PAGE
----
The way Easy-Draw got around the memory issue was to use one program for creating the drawings and another for printing them.  When you wanted to print something, it would save your drawing as a GEM Metafile.  This was basically a file consisting of a list of GEM VDI commands that, when executed in sequence, would reproduce the drawing.  The only thing the program needed to do was scale the coordinates in the metafile to the resolution of the output device.  Once the metafile was created, then the Easy-Draw program would unload the screen fonts, freeing memory, and then terminate.  As the final step of the process, it would ask GEM to run the OUTPUT program.

OUTPUT was actually a part of the original GEM setup from Digital Research, where the memory situation on 640K-limited PCs wasn’t much different than that on the Atari.  As such, it was included in the GDOS distribution from Atari.  GEM even had specific API calls for launching the OUTPUT program.

When you exited from OUTPUT, it would ask GEM to run the program that had started it, in this case Easy-Draw, so that it looked like you were more or less going from the “design” module to the “output” module as seamlessly as might be possible under the circumstances.  In those early days it meant a fair amount of swapping floppy disks around, but ultimately it worked.

Easy-Draw shipped with GDOS disks containing the printer drivers and bitmapped fonts that Atari provided.  There was a printer driver for the Epson FX series dot-matrix impact printer, another for the Star Micronics printers, and three sets of bitmapped fonts, two for different screen modes, and one more shared by both printer drivers.

The three typefaces included were Typewriter – basically a Courier fixed-character-width font, Swiss– a sans-serif font similar to Helvetica or Arial, and Dutch – a serif font like Times Roman.  Typewriter was included in 1 size (per device) and the others in 5 or 6 sizes ranging from 9 point to 36 point.  Those fonts were high-quality as long as they were output at the right size, but didn’t provide much variety.

Enter Fontz!

In mid 1987 I purchased an Apple Macintosh II computer.  This was the first model with expansion slots and no built-in monitor.  I had been using the Magic Sac emulator on the Atari ST since the previous summer, but I found that when I started programming with the Lightspeed C (later Think C) package, the debugger didn’t work so well under emulation.  Not really surprising since the emulator had to hook into low-level stuff to make things work on the Atari, and the debugger had to hook into much of the same stuff to do its thing.  Anyway, I really wanted to learn how to program for the Mac platform, and I also wanted to experiment with high-res color graphics.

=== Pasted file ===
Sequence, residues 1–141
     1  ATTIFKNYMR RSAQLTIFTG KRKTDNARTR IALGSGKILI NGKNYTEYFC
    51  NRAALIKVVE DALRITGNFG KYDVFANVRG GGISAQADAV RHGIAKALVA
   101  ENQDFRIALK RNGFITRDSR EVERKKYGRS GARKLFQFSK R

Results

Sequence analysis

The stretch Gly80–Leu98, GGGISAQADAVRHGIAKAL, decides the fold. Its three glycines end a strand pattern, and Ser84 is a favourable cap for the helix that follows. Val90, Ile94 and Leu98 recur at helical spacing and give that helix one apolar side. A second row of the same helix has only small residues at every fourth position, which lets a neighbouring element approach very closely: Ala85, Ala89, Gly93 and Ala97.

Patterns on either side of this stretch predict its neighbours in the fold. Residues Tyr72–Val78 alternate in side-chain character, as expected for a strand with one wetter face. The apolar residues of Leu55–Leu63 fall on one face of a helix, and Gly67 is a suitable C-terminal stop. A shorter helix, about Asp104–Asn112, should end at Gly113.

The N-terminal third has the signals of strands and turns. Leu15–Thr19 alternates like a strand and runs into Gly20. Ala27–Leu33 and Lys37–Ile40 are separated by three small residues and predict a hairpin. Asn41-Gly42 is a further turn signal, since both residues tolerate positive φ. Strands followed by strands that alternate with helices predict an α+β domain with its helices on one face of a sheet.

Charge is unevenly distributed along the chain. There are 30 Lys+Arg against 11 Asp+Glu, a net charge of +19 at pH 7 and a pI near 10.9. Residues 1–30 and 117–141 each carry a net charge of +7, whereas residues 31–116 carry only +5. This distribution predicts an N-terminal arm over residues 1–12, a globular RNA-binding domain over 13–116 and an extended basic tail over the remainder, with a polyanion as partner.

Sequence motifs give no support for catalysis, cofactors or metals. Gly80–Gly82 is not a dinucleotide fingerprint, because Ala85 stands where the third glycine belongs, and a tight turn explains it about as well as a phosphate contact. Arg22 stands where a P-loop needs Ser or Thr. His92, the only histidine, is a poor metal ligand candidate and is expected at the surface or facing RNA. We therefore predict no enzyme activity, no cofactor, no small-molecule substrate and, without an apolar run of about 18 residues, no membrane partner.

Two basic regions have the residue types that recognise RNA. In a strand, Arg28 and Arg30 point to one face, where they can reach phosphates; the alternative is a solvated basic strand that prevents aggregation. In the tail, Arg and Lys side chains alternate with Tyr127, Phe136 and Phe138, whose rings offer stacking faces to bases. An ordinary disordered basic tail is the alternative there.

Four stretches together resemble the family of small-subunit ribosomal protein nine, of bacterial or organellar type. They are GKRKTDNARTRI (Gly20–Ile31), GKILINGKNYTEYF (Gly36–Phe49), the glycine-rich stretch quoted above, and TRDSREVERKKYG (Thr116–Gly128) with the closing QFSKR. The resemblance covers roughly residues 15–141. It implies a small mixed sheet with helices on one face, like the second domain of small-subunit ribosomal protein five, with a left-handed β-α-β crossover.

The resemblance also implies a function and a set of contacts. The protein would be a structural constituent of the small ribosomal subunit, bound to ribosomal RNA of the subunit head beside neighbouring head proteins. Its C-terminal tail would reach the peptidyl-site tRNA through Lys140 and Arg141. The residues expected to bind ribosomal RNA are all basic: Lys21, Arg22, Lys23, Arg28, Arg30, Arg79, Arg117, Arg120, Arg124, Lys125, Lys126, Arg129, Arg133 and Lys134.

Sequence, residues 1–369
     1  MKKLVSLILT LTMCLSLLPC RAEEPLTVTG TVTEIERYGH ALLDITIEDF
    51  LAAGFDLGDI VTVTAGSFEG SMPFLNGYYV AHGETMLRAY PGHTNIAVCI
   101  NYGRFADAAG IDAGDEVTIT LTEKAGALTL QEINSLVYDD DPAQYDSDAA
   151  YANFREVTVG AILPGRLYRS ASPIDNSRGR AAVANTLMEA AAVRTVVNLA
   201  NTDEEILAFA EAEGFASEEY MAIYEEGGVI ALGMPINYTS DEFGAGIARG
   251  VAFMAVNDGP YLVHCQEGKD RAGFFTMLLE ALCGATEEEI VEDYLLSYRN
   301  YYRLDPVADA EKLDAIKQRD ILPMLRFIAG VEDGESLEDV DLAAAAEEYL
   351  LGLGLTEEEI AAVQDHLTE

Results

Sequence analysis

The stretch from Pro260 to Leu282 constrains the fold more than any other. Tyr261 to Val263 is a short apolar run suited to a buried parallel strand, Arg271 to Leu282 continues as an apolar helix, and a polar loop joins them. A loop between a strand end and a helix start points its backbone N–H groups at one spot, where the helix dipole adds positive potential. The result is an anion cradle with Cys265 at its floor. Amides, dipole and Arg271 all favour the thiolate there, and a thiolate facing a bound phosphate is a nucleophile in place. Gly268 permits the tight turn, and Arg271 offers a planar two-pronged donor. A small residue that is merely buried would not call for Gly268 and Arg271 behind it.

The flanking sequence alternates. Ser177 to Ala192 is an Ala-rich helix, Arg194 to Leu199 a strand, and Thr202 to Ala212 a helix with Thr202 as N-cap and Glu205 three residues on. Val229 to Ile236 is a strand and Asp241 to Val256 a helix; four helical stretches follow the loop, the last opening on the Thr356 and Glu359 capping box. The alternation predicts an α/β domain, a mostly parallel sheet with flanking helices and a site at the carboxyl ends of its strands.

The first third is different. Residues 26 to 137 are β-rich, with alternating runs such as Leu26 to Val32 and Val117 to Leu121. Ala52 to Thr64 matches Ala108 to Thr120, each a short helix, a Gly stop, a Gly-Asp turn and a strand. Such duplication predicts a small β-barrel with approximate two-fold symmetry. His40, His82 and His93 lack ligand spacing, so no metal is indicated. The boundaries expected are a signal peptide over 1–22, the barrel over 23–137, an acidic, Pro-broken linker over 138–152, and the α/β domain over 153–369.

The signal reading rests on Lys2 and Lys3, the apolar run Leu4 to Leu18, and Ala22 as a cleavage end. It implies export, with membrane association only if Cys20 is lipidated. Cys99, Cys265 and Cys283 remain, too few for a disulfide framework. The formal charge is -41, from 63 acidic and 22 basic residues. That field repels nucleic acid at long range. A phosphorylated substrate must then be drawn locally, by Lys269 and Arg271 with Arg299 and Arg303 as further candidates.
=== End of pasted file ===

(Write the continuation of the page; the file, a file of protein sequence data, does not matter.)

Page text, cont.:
To be honest, in large part another reason I got the Mac was because of the unfulfilled promise of the Atari ST.  However, the Mac didn’t quite take over as my main machine and I continued to work regularily with the Atari.  The Mac was heavily supported by many large software publishers, so I saw the Atari platform as a better place for a single developer just starting out to make his mark.

At some point, I wrote a little utility program that would read bitmapped fonts from the Atari 8-bit computer and create a GEM-format bitmapped font from it.  Then I started playing around with converting other bitmapped font formats.  I had font collections on the Mac with dozens of bitmapped fonts in a variety of sizes, so I dug down into the Inside Macintosh book (the programmer’s bible for the Mac in those days) and before long I had figured out how to extract the data and create a GEM font.

Eventually I pulled these various individual conversion utilities together and a friend suggested it would be nice to be able to edit the actual bitmaps.  Before too long, I’d created the Fontz! bitmap font editor, which could import a variety of different bitmap formats, scale fonts to different sizes for different devices, and more.  It had what amounted to a paint program built-in for manipulating the character bitmaps.

This brings us back to the beginning of the story… I was getting a lot of interest from various publishers about Fontz! when I saw the advertisement for Wordup.  After meeting with Neotron, they offered to buy the rights to publish the program and a position as a software engineer.

GDOS Printer Drivers